Officials: Census loss ‘frightening’

Published 12:00 am Saturday, November 4, 2000

Census estimates released last month that show a significant drop in local population may be more than just numbers, say several community leaders.

According to the U.S. Census Bureau, Adams County lost 1,699 residents between 1990 and July 1999. Nearly a fourth of that population drop — 484 people — occurred in the last year.

Dr. Carl Davis, Natchez-Adams School District superintendent, said a recent study of live births in the area have him convinced that the estimates are on-target.

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&uot;It’s frightening what is happening here in Adams County and Natchez and the school district,&uot; Davis said.

Under a new school funding plan soon to be put into place, Davis said the school district will lose $300,000 for every 100 children who leave the area.

&uot;And we’ve been losing 100 children for the last four or five years,&uot; he said. &uot;If it continues, the services we offer will not continue.

&uot;It doesn’t look good,&uot; he said.

A large portion of the decrease was in Natchez, which lost 1,567 people over the nine-year period including 329 between 1998 and 1999.

At the same time, the overall state population grew by 193,144 people, which is equal to more than a 7 percent increase.

In fact, Natchez and Adams County were among only a handful of populations that decreased, including neighboring Franklin County.

Winnie Kaiser, of the Natchez-Adams Economic Development Authority, said when people leave, economic growth often follows.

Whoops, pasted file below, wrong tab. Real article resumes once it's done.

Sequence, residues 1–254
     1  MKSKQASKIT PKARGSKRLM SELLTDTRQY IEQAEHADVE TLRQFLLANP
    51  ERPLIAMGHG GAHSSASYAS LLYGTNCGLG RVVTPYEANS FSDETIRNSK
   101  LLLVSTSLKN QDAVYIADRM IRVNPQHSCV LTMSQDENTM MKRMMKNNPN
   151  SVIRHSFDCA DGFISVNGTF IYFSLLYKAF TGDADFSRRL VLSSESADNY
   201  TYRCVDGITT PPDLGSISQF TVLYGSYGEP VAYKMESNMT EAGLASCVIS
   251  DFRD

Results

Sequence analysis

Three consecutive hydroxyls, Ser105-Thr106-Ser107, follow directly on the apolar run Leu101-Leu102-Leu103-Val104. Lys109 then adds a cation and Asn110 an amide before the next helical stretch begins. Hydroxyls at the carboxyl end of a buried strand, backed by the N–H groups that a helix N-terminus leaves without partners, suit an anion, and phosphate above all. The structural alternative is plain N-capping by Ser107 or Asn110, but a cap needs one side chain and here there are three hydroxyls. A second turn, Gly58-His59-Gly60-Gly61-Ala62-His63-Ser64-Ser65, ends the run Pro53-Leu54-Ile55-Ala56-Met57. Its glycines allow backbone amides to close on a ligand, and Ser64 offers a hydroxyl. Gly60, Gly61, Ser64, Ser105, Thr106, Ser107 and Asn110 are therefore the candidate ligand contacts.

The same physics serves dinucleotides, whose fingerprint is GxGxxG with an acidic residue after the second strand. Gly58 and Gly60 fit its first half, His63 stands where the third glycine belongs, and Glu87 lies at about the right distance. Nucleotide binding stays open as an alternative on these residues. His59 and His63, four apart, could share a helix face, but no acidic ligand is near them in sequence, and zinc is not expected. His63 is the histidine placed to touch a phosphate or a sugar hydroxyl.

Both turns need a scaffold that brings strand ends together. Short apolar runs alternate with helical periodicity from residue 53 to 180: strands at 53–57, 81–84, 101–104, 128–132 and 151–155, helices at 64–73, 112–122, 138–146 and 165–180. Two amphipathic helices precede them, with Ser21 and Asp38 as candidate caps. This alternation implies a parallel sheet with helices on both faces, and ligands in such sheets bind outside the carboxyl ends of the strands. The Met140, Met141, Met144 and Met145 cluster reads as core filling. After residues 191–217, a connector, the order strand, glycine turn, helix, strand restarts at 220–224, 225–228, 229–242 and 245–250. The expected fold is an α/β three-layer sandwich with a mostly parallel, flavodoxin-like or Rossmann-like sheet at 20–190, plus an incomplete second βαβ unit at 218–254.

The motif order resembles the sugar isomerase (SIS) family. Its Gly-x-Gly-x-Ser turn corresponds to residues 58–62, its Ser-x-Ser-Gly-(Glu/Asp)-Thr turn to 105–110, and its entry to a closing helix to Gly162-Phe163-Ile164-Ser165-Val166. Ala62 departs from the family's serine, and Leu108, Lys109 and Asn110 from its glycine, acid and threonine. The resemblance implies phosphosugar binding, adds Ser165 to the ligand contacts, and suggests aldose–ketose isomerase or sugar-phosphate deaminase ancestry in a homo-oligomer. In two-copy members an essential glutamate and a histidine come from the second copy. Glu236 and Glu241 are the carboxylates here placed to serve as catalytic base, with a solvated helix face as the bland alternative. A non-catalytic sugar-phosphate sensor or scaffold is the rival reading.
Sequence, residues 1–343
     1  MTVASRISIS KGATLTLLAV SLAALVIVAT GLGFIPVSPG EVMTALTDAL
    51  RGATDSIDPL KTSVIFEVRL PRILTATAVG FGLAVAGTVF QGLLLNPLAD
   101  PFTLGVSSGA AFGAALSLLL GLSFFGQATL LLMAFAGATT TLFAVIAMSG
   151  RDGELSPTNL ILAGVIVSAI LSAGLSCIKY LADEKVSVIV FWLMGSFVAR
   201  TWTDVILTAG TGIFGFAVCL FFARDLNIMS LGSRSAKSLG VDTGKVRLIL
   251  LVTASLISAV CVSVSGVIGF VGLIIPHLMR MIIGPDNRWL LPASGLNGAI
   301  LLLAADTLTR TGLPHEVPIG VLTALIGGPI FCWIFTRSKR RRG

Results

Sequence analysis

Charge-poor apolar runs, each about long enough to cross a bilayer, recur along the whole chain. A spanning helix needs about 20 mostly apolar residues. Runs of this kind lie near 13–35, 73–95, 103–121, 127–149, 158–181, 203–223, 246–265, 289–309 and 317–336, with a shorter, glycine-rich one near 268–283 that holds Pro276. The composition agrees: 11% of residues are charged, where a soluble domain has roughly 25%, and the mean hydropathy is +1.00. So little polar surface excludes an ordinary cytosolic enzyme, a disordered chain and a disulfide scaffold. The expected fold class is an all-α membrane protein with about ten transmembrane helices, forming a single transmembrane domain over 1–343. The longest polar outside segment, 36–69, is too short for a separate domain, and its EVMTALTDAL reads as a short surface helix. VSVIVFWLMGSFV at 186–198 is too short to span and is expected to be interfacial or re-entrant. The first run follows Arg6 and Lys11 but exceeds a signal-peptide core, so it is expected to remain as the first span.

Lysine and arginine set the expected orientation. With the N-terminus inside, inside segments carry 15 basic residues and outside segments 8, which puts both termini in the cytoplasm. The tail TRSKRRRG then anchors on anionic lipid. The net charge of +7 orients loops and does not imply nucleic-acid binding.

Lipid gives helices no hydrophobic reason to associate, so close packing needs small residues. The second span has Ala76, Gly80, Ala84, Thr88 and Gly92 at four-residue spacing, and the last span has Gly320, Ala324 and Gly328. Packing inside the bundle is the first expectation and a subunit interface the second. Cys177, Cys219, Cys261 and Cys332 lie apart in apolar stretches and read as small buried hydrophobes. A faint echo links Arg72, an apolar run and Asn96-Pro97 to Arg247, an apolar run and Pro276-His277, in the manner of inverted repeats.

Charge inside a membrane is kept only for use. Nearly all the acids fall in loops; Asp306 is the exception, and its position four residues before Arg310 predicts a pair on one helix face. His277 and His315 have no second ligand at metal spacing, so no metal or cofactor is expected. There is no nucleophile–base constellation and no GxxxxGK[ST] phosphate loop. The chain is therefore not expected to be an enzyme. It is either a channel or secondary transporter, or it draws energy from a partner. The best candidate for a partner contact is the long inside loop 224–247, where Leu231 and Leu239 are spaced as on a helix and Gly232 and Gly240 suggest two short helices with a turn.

Federal grants, welfare funding, community programs, workforce wages, even real estate values are tied to an area’s population, Kaiser said.

&uot;It’s a domino effect because it all intertwines,&uot; she said. &uot;It might be easier to say it’s a cycle.&uot;

Bob Barrett, chairman of the Adams County Election Commission, joins others in predicting that 2000 census numbers will cause congressional district lines to be adjusted. With that adjustment, Mississippi stands to lose a seat in the U.S. House of Representatives.

&uot;If you cut out one vote, you cut out one clout,&uot; he said.

Natchez alderwoman Sue Stedman also fears the loss of a seat, but she is not convinced that recent population estimates are trustworthy.

Stedman said estimates are often based on trends, and a high unemployment rate in the 1980s as a result of the oil industry bust may have skewed the projections.

Unemployment in Adams County hit a high of 16 percent in 1986 compared to last year’s average of 8 percent.

Figures for September show just more than 5 percent of the county’s population is without a job.

&uot;I’m looking at some of the figures we’ve been given like sales tax revenues and unemployment rates,&uot; she said.

&uot;I want to wait and see the real numbers when they come in,&uot; she said.

Jack Houghton, CEO pf Natchez Regional Medical Center, is also not overly concerned by the estimates.

When looking at areas in which to practice, physicians look at a primary service area and a secondary service area, Houghton said.

For Natchez-Adams County, a secondary service area would include communities reaching to Woodville and Sicily Island, he said.

&uot;You have to look at the bigger picture to realize the impact on the medical community,&uot; Houghton said.

Houghton is also optimistic that commercial and residential growth in the downtown area will draw people back into the area.

&uot;I think that’s going to bring more people in in the long run,&uot; he said.